"Sovereign citizens" have not put into action supposed plans to "storm" Old Parliament House on Saturday, instead marching to the new parliament building and laying roses in a peaceful protest.
The forecast storm failed to strike hours after a man arrested when police dismantled a nearby campsite clashed with a magistrate in court, telling her "you may speak" after claiming she had "no jurisdiction".
Tensions have been rising in the Parliamentary Triangle in recent weeks as protesters, many with ties to anti-vaccination movements, camped near the Aboriginal Tent Embassy, which is not associated with the group.
Police on Friday removed tents and other structures from the area occupied by the protesters, who had been living on parkland in breach of Commonwealth law.
But for the large number of officers who returned on Saturday morning in a bid to head off any "storming" of Old Parliament House, the area was largely deserted.
In the afternoon, however, about 100 people gathered opposite the building and walked past it to the current national parliament.
Police formed two lines there and allowed women and children through the first one to lay roses near the front doors to Parliament House, where the second group of officers stood.
Protesters then took turns to speak through a megaphone, one dismissing COVID-19 as a "head cold" and another rubbishing the vaccines designed to protect people against it.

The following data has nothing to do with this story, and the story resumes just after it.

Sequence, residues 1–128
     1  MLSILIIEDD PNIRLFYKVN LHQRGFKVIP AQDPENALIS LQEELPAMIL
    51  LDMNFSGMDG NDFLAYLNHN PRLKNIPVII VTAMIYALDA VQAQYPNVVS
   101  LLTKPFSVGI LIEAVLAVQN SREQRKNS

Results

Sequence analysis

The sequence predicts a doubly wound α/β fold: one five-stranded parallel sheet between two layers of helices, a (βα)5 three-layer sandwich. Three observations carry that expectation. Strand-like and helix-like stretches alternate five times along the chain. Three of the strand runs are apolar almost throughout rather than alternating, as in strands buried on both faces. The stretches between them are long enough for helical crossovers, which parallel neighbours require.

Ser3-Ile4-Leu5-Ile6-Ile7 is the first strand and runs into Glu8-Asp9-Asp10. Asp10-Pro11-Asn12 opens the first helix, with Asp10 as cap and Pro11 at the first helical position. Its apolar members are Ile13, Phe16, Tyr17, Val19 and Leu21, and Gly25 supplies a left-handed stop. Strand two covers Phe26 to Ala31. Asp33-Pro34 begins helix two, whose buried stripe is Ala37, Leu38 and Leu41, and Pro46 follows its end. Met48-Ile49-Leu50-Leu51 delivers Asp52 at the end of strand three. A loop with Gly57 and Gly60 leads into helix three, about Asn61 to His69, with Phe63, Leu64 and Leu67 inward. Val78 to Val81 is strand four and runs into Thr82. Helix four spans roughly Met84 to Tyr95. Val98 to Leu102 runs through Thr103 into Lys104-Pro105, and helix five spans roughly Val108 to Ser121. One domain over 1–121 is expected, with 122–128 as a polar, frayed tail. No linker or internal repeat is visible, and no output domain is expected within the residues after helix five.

One woman said the roses had been laid in memory of children she claimed had been killed by "that poison they call a vaccine".
An ACT Policing spokeswoman said only one arrest had been made in connection with Saturday's protest activity.
A man spotted driving on the lawns near Old Parliament House was taken into custody for allegedly driving while disqualified.
Members of the protest group, some of whom have been banned from Parkes after being charged over a December 30 fire at Old Parliament House, have recently been trying to evict officials from government buildings in the hope of establishing a "people's council".
They claim there is no evidence of "national sovereignty" and that the federal government is merely "a corporation".
One "sovereign citizen" arrested during Friday's campsite clearing, Richard Leslie Jarrett, spoke about this idea in the ACT Magistrates Court on Saturday.
He challenged magistrate Beth Campbell, telling her "you may speak" after insisting she had "no jurisdiction".
"I don't need your permission, let me assure you," Ms Campbell told the 49-year-old man.
Mr Jarrett, who appeared from a remote room, told the court he did not "claim any legal names" and he was in fact called Chief Bumajin Gumbaynggiirr.
Prosecutor Lauren Knobel said Mr Jarrett had agreed to police bail conditions banning him from being in Parkes, but he was found there and arrested for the breach about 6pm on Friday.
The court heard the bail conditions were attached to charges of trespassing at The Lobby Restaurant and possessing a long spear in public without a reasonable excuse on December 24.
When Ms Campbell read those allegations to Mr Jarrett, a self-described "sovereign man", he did not enter pleas.
"I rebut any allegations of presumption of law," he said four times.
The self-represented defendant also spoke over Ms Campbell when she referred to him as Mr Jarrett.
"I'm Chief Bumajin Gumbaynggiirr," the man told her.
The magistrate replied: "Good on you."
Mr Jarrett did not take that issue further, saying: "I'll forgive you."
After Ms Knobel told the court she would not be applying to have Mr Jarrett's bail revoked, Ms Campbell granted his release.
The magistrate also varied the bail conditions to allow Mr Jarrett to return once to Parkes, in the company of police, to collect his belongings.
Mr Jarrett is due to face court again on February 9.
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